Play Hard, Play Safe

No more excuses. It's time to hit the ground running and dive back into your favorite sports and exercise routine - right? Not so fast, says James Ellis, D.O., member of the medical staff, Baylor Medical Center at Waxahachie.

"If you've been inactive over a few months, you need to rebuild a solid base of fitness," he said.  "You have to remember it's a gradual process to get to your goal."

Walking, swimming and time on an exercise bike are good ways to loosen and build up your muscles, as well as increase your stamina, as you return to sports, according to Dr. Ellis.

Your Best Offense

While organized sports and exercise can be fun and healthy, they can also be dangerous. According to the Centers for Disease Control and Prevention (CDC) an estimated 4.3 million nonfatal sports- and recreation-related injuries were treated in U.S. hospital emergency departments from July 2000 to June 2001.

To prevent most sports injuries, your best offense is a good defense:

  • Wear proper protective gear, such as helmets, shin guards, pads or mouth guards.
  • Warm up before and after you exercise with some stretching and brisk walking or slow jogging. This will make your body's tissues warmer and more flexible.
  • Wear sunscreen if you will be outdoors.
  • Know and follow the rules of your sport.
  • Stay properly hydrated. Drink water before, during and after exercise. Be proactive: if you wait until you are thirsty to drink water, you are already well on your way to being dehydrated.

Treating an Injury

Sports injuries can range from a simple strain that can be treated at home to a dislocation that requires a trip to the emergency room. Consider the following for your best course of treatment:

Sprains and strains - Treat the injury with rest, ice, compression (for example with an ACE® bandage) and elevation. Take an anti-inflammatory as well. If you are not getting better after three or four days, see your family practitioner. Also, watch out for reinjuries. "Athletes might feel OK when they are at work during the week, but then they go out on the weekend and re-injure themselves because they've never given themselves time to heal," said Dr. Ellis.

Dislocation - A dislocation, whether of a finger, shoulder or hip, is considered an orthopedic emergency, according to Dr. Ellis. "You need to go to an emergency room in the case of a dislocation because the longer a joint is out of place, the more damage that can be done."

Concussion - The CDC estimates that 135,000 sports- and recreation-related traumatic brain injuries, including concussions, are treated in U.S. emergency departments every year. A bump, blow or jolt to the head can cause a concussion. Concussions can also occur from a blow to the body that causes the head to move rapidly back and forth. Signs of a concussion include disorientation, nausea, blurred vision, brief loss of consciousness and headache. "If there is any question as to whether you or your child has a concussion, you need to visit your family practice doctor immediately or head to the emergency room if it is after office hours," said Dr. Ellis.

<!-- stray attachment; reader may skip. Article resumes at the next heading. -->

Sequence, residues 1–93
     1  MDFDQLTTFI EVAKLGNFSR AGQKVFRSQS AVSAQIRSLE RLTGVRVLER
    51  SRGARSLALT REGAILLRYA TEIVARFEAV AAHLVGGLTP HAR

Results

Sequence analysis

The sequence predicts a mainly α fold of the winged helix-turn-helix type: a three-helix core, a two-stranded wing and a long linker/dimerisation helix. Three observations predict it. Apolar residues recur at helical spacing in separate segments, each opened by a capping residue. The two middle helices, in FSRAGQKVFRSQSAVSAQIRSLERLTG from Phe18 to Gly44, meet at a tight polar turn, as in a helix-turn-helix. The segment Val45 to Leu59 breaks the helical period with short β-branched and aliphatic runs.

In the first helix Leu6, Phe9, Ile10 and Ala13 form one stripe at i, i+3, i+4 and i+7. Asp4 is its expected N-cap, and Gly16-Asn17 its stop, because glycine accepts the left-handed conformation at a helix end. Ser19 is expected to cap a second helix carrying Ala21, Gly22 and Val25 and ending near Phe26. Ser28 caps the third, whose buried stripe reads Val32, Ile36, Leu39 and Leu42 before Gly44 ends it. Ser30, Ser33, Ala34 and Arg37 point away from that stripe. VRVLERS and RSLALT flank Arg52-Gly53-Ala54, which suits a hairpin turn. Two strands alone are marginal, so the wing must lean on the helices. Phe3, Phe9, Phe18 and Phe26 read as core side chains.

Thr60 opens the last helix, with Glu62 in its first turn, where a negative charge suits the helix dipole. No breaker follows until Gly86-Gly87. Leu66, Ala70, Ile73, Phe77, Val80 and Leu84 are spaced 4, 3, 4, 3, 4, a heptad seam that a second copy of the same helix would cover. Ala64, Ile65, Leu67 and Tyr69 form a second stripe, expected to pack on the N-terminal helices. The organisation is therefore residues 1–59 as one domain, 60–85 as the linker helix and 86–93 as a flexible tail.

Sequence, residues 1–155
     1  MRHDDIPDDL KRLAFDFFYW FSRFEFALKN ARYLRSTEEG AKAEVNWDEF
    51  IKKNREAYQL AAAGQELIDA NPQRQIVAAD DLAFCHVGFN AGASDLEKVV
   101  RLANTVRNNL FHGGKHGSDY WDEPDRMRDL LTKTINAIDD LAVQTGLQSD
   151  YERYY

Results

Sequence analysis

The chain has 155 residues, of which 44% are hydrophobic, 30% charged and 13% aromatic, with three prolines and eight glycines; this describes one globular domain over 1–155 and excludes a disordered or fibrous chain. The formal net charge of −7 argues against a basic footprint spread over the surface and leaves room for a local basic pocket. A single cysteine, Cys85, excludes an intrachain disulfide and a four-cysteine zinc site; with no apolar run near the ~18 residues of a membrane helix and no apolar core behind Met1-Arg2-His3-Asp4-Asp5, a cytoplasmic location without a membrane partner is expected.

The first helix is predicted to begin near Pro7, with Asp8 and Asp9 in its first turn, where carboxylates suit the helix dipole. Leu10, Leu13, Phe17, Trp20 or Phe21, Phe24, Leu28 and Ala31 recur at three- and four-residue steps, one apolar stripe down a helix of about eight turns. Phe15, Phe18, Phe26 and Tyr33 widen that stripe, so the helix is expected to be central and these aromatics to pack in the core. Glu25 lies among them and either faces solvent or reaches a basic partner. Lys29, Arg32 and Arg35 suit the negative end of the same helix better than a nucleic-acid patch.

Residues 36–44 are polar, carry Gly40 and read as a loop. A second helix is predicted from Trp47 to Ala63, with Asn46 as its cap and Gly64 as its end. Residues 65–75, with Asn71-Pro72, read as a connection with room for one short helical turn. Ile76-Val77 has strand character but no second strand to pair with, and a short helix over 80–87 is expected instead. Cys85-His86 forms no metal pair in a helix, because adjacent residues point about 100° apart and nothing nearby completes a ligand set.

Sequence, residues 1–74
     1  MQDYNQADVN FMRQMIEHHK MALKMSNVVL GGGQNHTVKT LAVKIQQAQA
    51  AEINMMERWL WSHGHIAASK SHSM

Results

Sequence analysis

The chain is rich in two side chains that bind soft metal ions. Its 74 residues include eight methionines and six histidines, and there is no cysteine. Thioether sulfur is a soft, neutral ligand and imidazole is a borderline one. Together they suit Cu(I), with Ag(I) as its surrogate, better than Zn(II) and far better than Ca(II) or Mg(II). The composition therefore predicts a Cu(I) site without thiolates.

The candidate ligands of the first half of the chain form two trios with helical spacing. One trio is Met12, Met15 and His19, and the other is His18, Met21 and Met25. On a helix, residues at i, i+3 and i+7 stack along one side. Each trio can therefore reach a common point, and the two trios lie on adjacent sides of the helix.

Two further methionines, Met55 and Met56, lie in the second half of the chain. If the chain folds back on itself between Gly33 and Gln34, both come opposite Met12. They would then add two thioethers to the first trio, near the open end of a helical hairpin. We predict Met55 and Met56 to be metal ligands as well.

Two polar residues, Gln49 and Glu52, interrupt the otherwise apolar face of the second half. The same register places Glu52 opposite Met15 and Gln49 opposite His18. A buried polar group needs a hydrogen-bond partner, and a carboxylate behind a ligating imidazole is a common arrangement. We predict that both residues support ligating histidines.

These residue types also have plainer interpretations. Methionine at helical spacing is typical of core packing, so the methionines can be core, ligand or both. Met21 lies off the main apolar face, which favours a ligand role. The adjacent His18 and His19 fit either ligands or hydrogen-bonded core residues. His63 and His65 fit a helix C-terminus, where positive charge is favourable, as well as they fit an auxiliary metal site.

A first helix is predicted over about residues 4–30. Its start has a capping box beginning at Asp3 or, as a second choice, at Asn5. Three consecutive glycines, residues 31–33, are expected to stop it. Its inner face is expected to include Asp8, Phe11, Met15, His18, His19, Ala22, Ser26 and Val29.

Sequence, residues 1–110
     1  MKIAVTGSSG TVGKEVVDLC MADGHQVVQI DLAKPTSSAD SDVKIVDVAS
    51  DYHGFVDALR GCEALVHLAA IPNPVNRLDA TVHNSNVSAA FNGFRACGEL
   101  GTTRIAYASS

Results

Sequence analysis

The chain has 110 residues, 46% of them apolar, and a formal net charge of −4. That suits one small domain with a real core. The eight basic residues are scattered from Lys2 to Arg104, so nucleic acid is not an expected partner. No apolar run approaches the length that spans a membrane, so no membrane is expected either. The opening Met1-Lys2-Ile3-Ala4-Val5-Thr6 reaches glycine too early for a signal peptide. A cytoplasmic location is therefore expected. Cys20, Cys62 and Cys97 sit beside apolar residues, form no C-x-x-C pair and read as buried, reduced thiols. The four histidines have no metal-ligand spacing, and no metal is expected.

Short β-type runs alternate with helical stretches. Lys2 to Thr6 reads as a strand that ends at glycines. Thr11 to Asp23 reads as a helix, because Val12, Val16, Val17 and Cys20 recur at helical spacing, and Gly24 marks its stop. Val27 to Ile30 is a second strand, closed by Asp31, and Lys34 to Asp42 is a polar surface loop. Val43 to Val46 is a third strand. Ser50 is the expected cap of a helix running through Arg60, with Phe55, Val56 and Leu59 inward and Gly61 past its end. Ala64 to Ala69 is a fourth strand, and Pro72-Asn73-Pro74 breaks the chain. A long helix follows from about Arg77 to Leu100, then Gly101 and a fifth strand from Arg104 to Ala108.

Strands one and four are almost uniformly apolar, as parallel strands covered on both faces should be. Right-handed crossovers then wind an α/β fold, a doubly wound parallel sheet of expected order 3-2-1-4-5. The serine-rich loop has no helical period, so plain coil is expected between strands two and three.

Heat stroke - The most serious heat-related disorder, heat stroke occurs when the body becomes unable to control its temperature: the body's temperature rises rapidly, the sweating mechanism fails, and the body is unable to cool down. If you or your child are experiencing symptoms of heat stroke, which include hot, dry skin (no sweating), chills, throbbing headache, confusion or slurred speech, immediately go to an emergency room.

Challenges for the Aging Athlete

Sports- and exercise-related injuries can be a special concern for older athletes. As a person ages, they lose muscle and bone mass, and tendons and ligaments lose their elasticity and are more prone to wear and tear injuries.

"Higher impact sports are tougher on the joints, particularly the knees, for older athletes," said Dr. Ellis.

Exercises that are easier on the joints and may result in fewer injuries for older athletes include cycling, swimming and walking.

Aging athletes who want to continue to pursue high-impact activities can help prevent injuries through increased resistance or "strength" training. A study at the Jean Mayer USDA Human Nutrition Research Center on Aging at Tufts University in Boston, Mass., has shown that strength training can reverse muscle loss in the elderly.

Despite the potential risks, exercise is a key ingredient to good health. With the right precautions, you can enjoy the physical, social and emotional benefits of sports and exercise at any age.

"The main thing is to not be a couch potato," said Dr. Ellis. "Find a sport or fitness routine you enjoy, and go out and do it."

About Baylor Scott & White Health
As the largest not-for-profit health system in the state of Texas, Baylor Scott & White promotes the health and well-being of every individual, family and community it serves. It is committed to making quality care more accessible, convenient and affordable through its integrated delivery network, which includes the Baylor Scott & White Health Plan, Baylor Scott & White Research Institute, the Baylor Scott & White Quality Alliance and its leading digital health platform – MyBSWHealth. Through 51 hospitals and more than 1,200 access points, including flagship academic medical centers in Dallas, Fort Worth and Temple, the system offers the full continuum of care, from primary to award-winning specialty care. Founded as a Christian ministry of healing more than a century ago, Baylor Scott & White today serves more than three million Texans. For more information, visit: